Thursday, November 12, 2015

Neyman does science, part 2

In part one of this series, we discussed the different philosophical viewpoints of Neyman and Fisher on the purposes of statistics. Neyman had a behavioral, decision based view: the purpose of statistical inference is to select one of several possible decisions, enumerated before the data have been collected. To Fisher, and to Bayesians, the purpose of statistical inference is related to the quantification of evidence and rational belief. I agree with Fisher on this issue, and I was curious how Neyman -- with his pre-data inferential philosophy -- would actually tackle a problem with real data. In this second part of the series, we examine Neyman's team's analysis of the data from the Whitetop weather modification experiment in the 1960s.

First: Get the data!

I have saved the data in Table 2 in Neyman et al. (1969) online in a text format. It can be loaded into R using the following code (available as a gist):

## R code to get data and make plots
## You may have to install the devtools and RCurl packages first

The code will also regenerate the panels from Neyman et al.'s Figure 2.

Project Whitetop

Project Whitetop, a weather modification experiment performed during the summers in 1960-1964, was one of the first meticulously randomized, large-scale experiments of its kind. Before the experiment began, every day was designated as a "seed" day or a "non-seed" day (control).  The designation was kept secret until the last moment. Every day in the morning, the experimenters would determine whether the conditions were good for seeding. If there were westerly winds and "high precipitable water" in Little Rock, Arkansas and Columbia, Missouri, then the day was designated as an "experimental" day, and the envelope containing the seed instructions was opened. On seeded days, an airplane dumped silver iodide into the clouds around West Plains, Missouri. The area at the center of the concentric circles in the figure below shows the experimental area.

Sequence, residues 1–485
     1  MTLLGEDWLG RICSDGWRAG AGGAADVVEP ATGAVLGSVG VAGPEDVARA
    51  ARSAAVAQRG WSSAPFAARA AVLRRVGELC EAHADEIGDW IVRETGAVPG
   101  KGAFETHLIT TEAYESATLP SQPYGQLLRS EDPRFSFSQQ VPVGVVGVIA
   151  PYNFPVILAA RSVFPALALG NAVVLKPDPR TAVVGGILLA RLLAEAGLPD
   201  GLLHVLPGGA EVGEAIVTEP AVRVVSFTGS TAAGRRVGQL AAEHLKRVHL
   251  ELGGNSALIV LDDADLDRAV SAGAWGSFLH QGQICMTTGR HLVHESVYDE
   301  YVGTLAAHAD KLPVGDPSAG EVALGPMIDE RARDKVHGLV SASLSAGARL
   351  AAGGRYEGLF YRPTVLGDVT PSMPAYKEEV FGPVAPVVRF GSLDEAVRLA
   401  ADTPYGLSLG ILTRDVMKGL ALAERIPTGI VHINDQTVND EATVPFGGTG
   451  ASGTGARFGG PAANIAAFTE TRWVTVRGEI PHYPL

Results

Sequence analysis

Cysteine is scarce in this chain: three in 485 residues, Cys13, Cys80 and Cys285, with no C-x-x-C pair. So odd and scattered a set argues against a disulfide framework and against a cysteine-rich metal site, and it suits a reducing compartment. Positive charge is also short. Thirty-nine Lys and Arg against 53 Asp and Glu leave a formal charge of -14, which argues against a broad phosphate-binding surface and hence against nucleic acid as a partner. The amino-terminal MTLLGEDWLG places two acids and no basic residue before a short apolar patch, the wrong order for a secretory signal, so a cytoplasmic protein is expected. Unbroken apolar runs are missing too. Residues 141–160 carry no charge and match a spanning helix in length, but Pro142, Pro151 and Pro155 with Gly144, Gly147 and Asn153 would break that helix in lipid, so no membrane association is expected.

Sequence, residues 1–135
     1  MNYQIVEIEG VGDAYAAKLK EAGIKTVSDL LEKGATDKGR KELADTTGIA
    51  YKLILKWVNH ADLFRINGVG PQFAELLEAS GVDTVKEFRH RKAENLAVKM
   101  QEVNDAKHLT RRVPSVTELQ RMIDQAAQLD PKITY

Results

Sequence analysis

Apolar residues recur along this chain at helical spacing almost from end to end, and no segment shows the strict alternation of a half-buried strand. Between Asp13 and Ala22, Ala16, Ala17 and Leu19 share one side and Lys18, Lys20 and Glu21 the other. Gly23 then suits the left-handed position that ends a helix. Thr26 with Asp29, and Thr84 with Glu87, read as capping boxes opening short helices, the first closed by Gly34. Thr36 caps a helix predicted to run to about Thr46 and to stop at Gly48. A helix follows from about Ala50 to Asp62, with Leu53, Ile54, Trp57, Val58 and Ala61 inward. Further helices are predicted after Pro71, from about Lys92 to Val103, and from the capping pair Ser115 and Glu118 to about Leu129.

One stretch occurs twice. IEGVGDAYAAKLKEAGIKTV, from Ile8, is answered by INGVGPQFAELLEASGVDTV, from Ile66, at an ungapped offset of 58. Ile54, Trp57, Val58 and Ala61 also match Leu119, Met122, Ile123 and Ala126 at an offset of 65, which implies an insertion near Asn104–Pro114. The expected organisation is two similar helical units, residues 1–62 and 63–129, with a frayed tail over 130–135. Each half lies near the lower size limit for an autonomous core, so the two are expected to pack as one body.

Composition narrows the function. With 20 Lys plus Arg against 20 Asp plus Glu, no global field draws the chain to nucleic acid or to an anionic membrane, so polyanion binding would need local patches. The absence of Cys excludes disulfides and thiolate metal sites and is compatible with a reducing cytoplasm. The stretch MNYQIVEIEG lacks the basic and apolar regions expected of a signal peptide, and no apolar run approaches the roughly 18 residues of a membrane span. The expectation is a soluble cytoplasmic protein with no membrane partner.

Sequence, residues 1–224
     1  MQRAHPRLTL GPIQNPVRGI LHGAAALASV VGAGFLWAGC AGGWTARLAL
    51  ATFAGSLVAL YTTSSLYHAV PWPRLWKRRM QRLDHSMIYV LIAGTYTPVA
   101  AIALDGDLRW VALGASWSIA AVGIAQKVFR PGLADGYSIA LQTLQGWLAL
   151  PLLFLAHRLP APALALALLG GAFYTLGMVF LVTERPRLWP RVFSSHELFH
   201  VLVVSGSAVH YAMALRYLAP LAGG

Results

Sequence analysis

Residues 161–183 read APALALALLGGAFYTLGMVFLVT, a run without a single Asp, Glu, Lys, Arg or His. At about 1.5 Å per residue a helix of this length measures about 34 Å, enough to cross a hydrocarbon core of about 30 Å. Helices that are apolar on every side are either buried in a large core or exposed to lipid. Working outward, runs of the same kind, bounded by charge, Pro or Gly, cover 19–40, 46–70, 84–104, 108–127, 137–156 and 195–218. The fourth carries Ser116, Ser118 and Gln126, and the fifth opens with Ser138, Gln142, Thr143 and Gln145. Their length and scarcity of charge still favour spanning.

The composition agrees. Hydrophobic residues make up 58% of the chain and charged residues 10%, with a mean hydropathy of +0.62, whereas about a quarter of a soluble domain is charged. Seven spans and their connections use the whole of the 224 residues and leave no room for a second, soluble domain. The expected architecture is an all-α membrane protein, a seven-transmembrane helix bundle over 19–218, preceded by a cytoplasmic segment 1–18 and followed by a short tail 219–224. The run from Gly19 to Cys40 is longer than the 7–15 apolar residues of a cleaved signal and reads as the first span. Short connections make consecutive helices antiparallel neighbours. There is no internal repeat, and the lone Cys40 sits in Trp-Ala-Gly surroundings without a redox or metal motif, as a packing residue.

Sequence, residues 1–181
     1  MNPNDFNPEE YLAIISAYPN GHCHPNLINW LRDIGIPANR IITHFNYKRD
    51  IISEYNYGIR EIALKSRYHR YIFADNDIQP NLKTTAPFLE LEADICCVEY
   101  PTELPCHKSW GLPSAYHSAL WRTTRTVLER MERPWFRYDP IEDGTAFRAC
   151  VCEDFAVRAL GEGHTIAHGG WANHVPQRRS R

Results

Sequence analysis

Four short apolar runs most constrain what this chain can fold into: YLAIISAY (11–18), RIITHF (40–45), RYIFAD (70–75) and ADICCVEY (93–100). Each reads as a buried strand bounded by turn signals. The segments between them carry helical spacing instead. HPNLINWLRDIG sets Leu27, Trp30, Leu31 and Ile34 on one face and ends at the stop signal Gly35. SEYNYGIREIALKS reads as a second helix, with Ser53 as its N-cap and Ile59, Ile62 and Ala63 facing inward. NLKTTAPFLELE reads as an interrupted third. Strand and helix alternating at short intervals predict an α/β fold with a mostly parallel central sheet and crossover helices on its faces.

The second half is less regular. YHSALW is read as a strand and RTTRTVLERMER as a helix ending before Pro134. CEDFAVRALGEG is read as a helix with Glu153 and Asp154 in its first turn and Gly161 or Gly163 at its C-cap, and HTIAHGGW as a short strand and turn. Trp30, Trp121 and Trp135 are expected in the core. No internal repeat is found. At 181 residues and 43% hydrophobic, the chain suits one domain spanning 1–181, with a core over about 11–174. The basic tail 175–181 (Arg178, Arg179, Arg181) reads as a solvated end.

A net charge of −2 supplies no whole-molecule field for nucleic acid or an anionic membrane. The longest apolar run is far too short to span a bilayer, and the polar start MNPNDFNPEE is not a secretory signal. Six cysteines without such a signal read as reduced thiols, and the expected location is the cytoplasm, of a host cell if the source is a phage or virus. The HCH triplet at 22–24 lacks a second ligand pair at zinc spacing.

Figure 1 from Neyman et al (1969) overlaid on a modern map. Original caption reads "Approximate map of the region around the Project Whitetop target. Solid circles mark the location of rain gages used for the evaluation. The radii of the concentric circles are multiples of 30 miles; the letters A, B, C, D, E, and F designate the region within the inner circle and the regions within the successive rings, respectively. For example, region B is the area bounded by the 30 mile (inner) circle and the 60 mile (second) circle. Additionally, the area within the outermost circle is designated as 'entire' (Tables 1 and 2)."

The original analysis as reported by Neyman et al (1969) was of the change in precipitation in the hour when the seeded plume was overhead. There appeared to be an unexpected decrease in the precipitation due to the seeding ("some" p<0.01, as it was reported by Neyman et al).

Neyman's team was interested in assessing the effect of seeding at longer time scales (24 hours) and at greater distances (up to 180 miles from the experimental area). In their minds, these longer-term, larger-range effects were much more interesting from a policy perspective.

What did Neyman think makes a good analysis?

In the same year, Neyman, Scott, and Wells wrote a paper outlining statistical inference for weather modification experiments ("Statistics in meteorology", 1969). The paper is important because it lays out what we might expect from Neyman's Whitetop analysis. They describe power as related to the notion of an "informative" experiment, and briefly mention the "optimal" class of tests that will be used to analyse the Whitetop data. The critical role of power is emphasized: 
[The] rational planning of a rain stimulation experiment must emphasize the question whether, with this design, with this proposed duration and with this particular statistical test, the probability of detecting the effect of treatment that one wishes to detect is 0.2, or 0.5, or 0.8, etc. In other words, in experimentation with weather control, it is of paramount importance to estimate the power of the statistical test to be used on the data that may be provided by the contemplated design of the experiment. (p. 123)